References of "Phan-Ba, Rémy"
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See detailImmune Reconstitution Inflammatory Syndrome in Natalizumab-Associated PML
Phan-Ba, Rémy ULg; LOMMERS, Emilie ULg; Moonen, Gustave ULg et al

in Neurology (2012), 78(1), 73

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See detailA corrected version of the Timed-25 Foot Walk Test with a dynamic start to capture the maximum ambulation speed in multiple sclerosis patients
Phan-Ba, Rémy ULg; CALAY, Philippe ULg; GRODENT, Patrick ULg et al

in NeuroRehabilitation (2012), 30(4), 261-266

Background : No clinical test is currently available and validated to measure the maximum walking speed (WS) of multiple sclerosis (MS) patients. Since the Timed 25-Foot Walk Test (T25FW) is performed ... [more ▼]

Background : No clinical test is currently available and validated to measure the maximum walking speed (WS) of multiple sclerosis (MS) patients. Since the Timed 25-Foot Walk Test (T25FW) is performed with a static start, it takes a significant proportion of the distance for MS patients to reach their maximum pace. Objectives : In order to capture the maximum WS and to quantify the relative impact of the accelerating phase during the first meters, we compared the classical T25FW with a modified version (T25FW+) allowing a dynamic start after a 3 meters run-up. Methods : Sixty-four MS patients and 30 healthy subjects performed successively the T25FW and the T25FW+. Results : The T25FW+ was performed faster than the T25FW for the vast majority of MS and healthy subjects. In the MS population, the mean relative gain of speed due to the dynamic start on T25FW+ was independent from the EDSS and from the level of ambulation impairment. Compared to healthy subjects, the relative difference between dynamic versus static start was more important in the MS population even in patients devoid of apparent gait impairment according to the T25FW. Conclusion : The T25FW+ allows a more accurate measurement of the maximum WS of MS patients, which is a prerequisite to reliably evaluate deceleration over longer distance tests. Indirect arguments suggest that the time to reach the maximum WS may be partially influenced by the cognitive impairment status. The maximum WS and the capacity of MS patients to accelerate on a specific distance may be independently regulated and assessed separately in clinical trials and rehabilitation programs. [less ▲]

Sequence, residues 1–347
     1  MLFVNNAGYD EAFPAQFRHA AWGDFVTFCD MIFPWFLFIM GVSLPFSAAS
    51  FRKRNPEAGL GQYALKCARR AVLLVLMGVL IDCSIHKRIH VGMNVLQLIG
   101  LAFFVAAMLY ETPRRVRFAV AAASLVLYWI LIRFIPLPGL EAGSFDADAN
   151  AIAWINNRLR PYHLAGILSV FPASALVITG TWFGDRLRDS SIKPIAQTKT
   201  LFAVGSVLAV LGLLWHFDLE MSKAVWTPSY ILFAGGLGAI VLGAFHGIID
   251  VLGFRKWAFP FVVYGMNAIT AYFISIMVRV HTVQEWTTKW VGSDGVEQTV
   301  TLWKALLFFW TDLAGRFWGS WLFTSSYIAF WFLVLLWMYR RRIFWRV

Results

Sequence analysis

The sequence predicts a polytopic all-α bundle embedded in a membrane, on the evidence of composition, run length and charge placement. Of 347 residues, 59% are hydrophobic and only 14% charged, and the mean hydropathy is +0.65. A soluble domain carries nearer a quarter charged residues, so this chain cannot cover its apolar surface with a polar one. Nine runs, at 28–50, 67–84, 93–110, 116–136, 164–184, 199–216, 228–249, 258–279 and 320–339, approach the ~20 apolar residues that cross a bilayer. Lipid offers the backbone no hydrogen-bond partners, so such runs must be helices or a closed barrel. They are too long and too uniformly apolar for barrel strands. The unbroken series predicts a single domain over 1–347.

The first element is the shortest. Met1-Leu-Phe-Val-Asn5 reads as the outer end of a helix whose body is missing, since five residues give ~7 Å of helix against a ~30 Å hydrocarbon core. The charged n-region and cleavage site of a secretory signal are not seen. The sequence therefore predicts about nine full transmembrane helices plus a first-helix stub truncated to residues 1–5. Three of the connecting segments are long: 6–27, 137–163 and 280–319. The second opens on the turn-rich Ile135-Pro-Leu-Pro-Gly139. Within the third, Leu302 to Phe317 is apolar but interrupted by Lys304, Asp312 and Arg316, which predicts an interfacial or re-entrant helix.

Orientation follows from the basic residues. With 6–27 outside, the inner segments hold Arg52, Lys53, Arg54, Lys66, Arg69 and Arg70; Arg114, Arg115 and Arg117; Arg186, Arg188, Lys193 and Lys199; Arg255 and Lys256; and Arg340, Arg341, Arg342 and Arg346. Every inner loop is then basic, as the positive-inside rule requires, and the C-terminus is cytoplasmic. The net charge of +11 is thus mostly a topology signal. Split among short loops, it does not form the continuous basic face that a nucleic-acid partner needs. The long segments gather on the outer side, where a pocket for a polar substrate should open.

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See detailMRI preclinical detection and asymptomatic course of a progressive multifocal leucoencephalopathy (PML) under natalizumab therapy.
Phan-Ba, Rémy ULg; LOMMERS, Emilie ULg; TSHIBANDA, Luaba ULg et al

in Journal of Neurology, Neurosurgery & Psychiatry (2012), 83

Early detection of progressive multifocal leucoencephalopathy (PML) in the setting of natalizumab therapy currently is performed by rapid evaluation of new symptoms occurring in treated patients. The role ... [more ▼]

Early detection of progressive multifocal leucoencephalopathy (PML) in the setting of natalizumab therapy currently is performed by rapid evaluation of new symptoms occurring in treated patients. The role of MR scanning has not been investigated but holds promise since MR detection is highly sensitive for PML lesions. The authors report a case of presymptomatic PML of the posterior fossa detected by MR scans. Immediate suspension of natalizumab and plasma exchanges resulted in a rapid decline of natalizumab serum concentration. Intravenous steroids started together with plasma exchanges followed by an oral tapering course were used to minimise the immune reconstitution inflammatory syndrome. No symptoms (beyond mild headache) developed, and the repeat PCR for JC Virus (JCV) DNA detection performed 10 weeks later was negative. This case suggests that: (1) periodic brain MR scans may detect signs of presymptomatic PML in MS patients treated with natalizumab, (2) corticosteroid management of inflammatory reaction may contribute to optimal control of the immune reconstitution inflammatory syndrome routinely seen with natalizumab-associated PML and (3) early radiological detection of PML can have an excellent outcome even in a clinically critical region and despite prior immunosuppressant exposure. The potential benefit of regular MR scanning just using the T2/FLAIR modalities could be further investigated in order to detect early natalizumab-associated PML, leading to benign outcomes. [less ▲]

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See detailPrimary central nervous system lymphoma in a patient treated with Natalizumab.
Phan-Ba, Rémy ULg; Bisig, Bettina ULg; Deprez, Manuel ULg et al

in Annals of Neurology (2011), 69(6), 1060-1

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See detailComparison of the Timed 25-Foot and the 100-Meter Walk as Performance Measures in Multiple Sclerosis
Phan-Ba, Rémy ULg; Pace, Amy; CALAY, Philippe ULg et al

in Neurorehabilitation and neural repair (2011), 25(7), 672-9

BACKGROUND: Ambulation impairment is a major component of physical disability in multiple sclerosis (MS) and a major target of rehabilitation programs. Outcome measures commonly used to evaluate walking ... [more ▼]